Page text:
Do you ever find yourself ruminating about the past? Maybe you are caught in a loop of “if only” – wanting to turn back what happened in the past or stuck in a feeling of why is this happening to me today. Perhaps you worry you made a stupid comment at school, work or with friends or family? You surmise if you had talked more on your date then s/he would have called you back. Maybe you are afraid other parents think you are a bad mother because they heard you yell at your child at school.
STOP. Realize that these negative thoughts are harming you so take immediate action to combat them.
1. Put your thoughts in prospective by considering that you are looking at only looking at part of the picture. You may be focusing on one comment in the meeting and come across splendidly for the rest. Even if you did make a “stupid” comment, did anyone notice? Will they remember next week? We tend to focus in on the one negative thing we hear and exclude most of the positive.
2. We only know our own thoughts. It is frustrating and a waste of time to try to guess at what others are thinking. You don’t know why your date didn’t call and you are torturing yourself by questioning your date’s behavior. Take action instead. Get out – find an activity you enjoy and meet people. Your mood will improve so you will be ready if the right person comes along.
3. We all make mistakes. Try not to judge yourself at a higher standard than you would your friends. If you saw another mom yell at her child in public, you would probably relate well to the frustration she was feeling and even feel empathetic towards her. It makes sense to let yourself be imperfect the way you would a friend.
So, if you sitting at home, feeling anxious and depressed about the past or the future, put all the energy you can into challenging your thinking and force yourself to take action and distract your mind by getting out.
The hardest part of stress and anxiety is often thinking about the “what ifs”. What if I never find someone to love? What if I never find a job? One way to calm these restless worries is the practice of Mindfulness or Mindful meditation.
Mindfulness is a heightned awareness in one’s present thoughts or feelings or sensations without judgment. These Buddhist principles were popularized by Jon Kabat-Zinn in the U.S. in his psychologically based stress reduction program.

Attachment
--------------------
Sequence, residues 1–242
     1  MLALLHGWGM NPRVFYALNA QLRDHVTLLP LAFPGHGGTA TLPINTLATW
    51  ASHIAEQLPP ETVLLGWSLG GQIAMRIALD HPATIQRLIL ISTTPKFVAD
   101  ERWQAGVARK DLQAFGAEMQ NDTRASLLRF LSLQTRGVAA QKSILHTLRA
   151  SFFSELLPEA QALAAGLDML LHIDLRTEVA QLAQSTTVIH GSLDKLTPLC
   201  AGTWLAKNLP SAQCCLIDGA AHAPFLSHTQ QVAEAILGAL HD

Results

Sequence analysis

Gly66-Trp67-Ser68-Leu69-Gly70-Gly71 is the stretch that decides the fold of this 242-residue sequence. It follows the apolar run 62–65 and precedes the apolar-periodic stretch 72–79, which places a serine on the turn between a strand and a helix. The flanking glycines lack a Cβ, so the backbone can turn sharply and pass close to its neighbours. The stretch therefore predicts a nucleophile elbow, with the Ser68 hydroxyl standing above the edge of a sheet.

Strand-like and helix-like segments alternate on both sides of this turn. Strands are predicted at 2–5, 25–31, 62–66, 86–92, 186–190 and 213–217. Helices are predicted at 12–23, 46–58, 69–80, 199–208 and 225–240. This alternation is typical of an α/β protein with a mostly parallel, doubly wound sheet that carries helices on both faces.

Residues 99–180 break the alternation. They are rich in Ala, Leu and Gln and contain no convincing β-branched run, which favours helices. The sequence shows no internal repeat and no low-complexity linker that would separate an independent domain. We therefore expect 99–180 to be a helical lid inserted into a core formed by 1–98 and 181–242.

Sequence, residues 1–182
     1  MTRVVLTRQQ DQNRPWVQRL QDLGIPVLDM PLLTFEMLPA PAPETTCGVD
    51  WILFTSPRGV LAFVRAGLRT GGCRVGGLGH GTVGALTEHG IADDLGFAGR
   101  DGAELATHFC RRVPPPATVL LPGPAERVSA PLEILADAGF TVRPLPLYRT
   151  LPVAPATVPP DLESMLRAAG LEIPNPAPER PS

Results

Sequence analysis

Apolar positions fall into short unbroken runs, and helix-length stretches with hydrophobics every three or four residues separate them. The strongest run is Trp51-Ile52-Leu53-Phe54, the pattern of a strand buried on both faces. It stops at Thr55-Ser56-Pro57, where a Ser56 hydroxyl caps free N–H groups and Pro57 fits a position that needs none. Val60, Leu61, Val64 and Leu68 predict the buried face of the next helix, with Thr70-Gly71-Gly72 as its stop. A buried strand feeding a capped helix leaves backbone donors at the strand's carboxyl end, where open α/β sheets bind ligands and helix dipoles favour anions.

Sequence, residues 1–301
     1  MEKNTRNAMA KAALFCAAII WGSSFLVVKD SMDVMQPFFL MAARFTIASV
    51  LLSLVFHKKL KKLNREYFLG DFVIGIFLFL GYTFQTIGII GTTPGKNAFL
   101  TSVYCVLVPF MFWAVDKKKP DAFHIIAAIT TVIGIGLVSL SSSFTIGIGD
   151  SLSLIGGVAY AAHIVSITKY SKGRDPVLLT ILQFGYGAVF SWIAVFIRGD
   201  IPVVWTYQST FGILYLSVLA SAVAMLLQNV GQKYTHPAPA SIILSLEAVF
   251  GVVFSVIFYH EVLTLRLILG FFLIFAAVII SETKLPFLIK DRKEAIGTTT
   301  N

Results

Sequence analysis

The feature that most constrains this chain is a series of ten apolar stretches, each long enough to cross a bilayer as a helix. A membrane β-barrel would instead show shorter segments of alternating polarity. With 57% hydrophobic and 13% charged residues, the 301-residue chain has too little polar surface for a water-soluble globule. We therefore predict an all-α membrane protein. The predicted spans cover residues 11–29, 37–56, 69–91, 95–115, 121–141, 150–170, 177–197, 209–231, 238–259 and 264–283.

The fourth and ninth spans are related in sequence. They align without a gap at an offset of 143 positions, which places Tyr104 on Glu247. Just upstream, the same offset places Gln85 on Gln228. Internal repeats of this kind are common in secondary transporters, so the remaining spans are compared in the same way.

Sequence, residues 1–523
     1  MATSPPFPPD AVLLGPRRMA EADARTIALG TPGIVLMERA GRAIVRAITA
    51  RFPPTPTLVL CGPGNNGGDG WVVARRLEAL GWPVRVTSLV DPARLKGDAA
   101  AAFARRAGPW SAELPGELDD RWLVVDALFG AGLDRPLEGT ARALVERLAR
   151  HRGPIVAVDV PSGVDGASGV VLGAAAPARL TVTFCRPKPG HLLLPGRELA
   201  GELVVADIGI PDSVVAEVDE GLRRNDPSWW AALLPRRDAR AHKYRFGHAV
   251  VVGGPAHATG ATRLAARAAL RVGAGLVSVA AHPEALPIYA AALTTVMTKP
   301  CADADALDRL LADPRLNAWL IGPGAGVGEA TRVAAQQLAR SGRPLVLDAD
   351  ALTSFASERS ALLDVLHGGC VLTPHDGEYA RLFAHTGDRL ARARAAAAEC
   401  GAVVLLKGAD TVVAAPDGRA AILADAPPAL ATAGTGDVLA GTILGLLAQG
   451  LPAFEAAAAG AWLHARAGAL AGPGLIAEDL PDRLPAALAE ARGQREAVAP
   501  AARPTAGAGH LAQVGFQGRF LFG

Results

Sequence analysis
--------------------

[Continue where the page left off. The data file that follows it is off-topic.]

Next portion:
You have probably heard that taking things one day at a time can help reduce your anxiety about the future. Mindfulness meditation is the practice of trying to break it further down to the moment. In these mental exercises, one might take an ordinary task, like washing the dishes and try to achieve this alert mental state.
Yesterday, instead of my usual program of cursing the task of doing the dishes and speeding through it, I slowed myself down and adapted to its rhythm– the heat of the running water, the softness of the suds, the circular motion of the rinsing of the plates and bowls and the clanging of the silverware. If my mind wandered to a “what if” place, I refocused my attention on just the task of “doing the dishes”. It was a momentary escape!
What else could I add to my day, as I begin my practice of mindfulness? Stop to pet my cat’s luxurious fur as she sits next to me by the computer, with her black tail curled tightly around her body in a ball? Experience the taste, textures, and smell of the variety of tropical fruits in my salad? Hear the sounds of the city outside my window- garbage trucks, ambulances, and backhoes and try not to judge them?
In trying to make sense of it, it seemed kind of like stopping to smell the roses, which seems like a good idea. And noticing, but not judging the unpleasant stuff, though perhaps more difficult, sounds like its worth a try, too.
This post is also published in www.myculturemagazine.com